Carbon nanotubes may be used to remove microplastics from ocean
Researchers in Australia have created tiny magnetic coils to break down tiny plastic particles in the seas.
ADELAIDE, AUSTRALIA — A university of Adelaide-led research team has created a carbon nanotube that could help fight microplastic pollution in our oceans.
Their research was presented in a study published in the journal Matter and was a collaboration between Australia's University of Adelaide, Curtin University, Edith Cowan University and China's Guangdong University of Technology.
The carbon nanotubes are spiral in shape and have magnetic properties. The nanotubes are coated with nitrogen and embedded with manganese in their interior.
The nanotubes are then mixed with peroxymonosulfate, a compound used as an oxidizing agent, to generate reactive oxygen species, or chemical reactions, to break down marine microplastics. The result is that the microplastics are converted into salt compounds, carbon dioxide and water.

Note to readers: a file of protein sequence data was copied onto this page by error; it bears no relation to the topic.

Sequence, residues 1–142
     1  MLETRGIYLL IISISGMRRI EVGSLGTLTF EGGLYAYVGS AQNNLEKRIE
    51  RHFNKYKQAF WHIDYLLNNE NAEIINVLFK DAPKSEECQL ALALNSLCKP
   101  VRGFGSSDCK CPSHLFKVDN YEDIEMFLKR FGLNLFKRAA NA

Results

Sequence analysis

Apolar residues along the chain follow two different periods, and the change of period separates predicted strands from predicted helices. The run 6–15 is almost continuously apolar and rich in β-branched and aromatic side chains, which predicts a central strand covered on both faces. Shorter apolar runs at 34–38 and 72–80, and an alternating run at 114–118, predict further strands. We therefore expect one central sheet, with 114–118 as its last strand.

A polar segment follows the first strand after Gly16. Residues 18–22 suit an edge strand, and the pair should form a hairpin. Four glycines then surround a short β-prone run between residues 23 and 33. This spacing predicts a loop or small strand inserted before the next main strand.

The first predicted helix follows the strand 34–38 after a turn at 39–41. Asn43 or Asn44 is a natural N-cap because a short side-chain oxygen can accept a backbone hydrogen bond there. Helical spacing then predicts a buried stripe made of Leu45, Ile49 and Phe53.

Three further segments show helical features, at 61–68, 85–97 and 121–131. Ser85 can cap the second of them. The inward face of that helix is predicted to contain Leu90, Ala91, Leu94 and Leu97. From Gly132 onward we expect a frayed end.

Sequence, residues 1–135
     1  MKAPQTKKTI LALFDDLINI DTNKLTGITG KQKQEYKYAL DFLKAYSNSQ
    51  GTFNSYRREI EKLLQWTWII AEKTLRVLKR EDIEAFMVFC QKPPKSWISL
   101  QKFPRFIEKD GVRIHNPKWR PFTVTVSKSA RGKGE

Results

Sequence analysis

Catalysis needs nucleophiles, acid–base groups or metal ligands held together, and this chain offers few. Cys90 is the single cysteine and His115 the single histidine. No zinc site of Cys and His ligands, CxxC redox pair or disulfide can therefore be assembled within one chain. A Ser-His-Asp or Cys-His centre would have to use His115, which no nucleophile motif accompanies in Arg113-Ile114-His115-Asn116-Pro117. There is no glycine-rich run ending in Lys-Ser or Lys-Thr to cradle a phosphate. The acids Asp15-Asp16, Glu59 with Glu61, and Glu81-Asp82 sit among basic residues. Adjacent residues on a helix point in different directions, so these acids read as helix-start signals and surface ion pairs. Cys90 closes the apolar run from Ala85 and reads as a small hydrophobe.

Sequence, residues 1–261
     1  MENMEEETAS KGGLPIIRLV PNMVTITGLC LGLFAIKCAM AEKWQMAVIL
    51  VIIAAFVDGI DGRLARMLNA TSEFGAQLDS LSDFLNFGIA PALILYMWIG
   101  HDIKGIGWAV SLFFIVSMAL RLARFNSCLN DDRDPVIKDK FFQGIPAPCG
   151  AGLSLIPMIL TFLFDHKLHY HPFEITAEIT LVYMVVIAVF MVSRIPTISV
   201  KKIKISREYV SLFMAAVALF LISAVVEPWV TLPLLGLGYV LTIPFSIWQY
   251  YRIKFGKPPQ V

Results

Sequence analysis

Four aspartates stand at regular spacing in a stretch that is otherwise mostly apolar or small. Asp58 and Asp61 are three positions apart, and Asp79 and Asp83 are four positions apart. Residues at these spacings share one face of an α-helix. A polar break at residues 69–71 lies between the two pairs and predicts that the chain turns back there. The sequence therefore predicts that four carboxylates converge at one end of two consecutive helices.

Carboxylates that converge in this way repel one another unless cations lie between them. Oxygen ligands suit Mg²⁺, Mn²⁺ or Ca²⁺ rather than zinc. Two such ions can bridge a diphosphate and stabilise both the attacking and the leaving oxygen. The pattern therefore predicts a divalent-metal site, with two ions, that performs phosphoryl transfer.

During a trial, researchers found that the spiral nanotubes were able to reduce the volume of microplastics present in polluted water between 30 to 50 percent in the span of eight hours.
The nanotubes are retrieved using magnets for later use.
Professor of Chemical Engineering from the University of Adelaide, Shaobin Wang, senior author of the study, explained in a news release from the university that the nanotubes are strong enough to break the microplastics down into compounds that aren't harmful to the ocean's ecosystem.
Wang said that the byproducts of microplastics could be recycled and turned into an energy source for microorganisms, such as food for algae growth.
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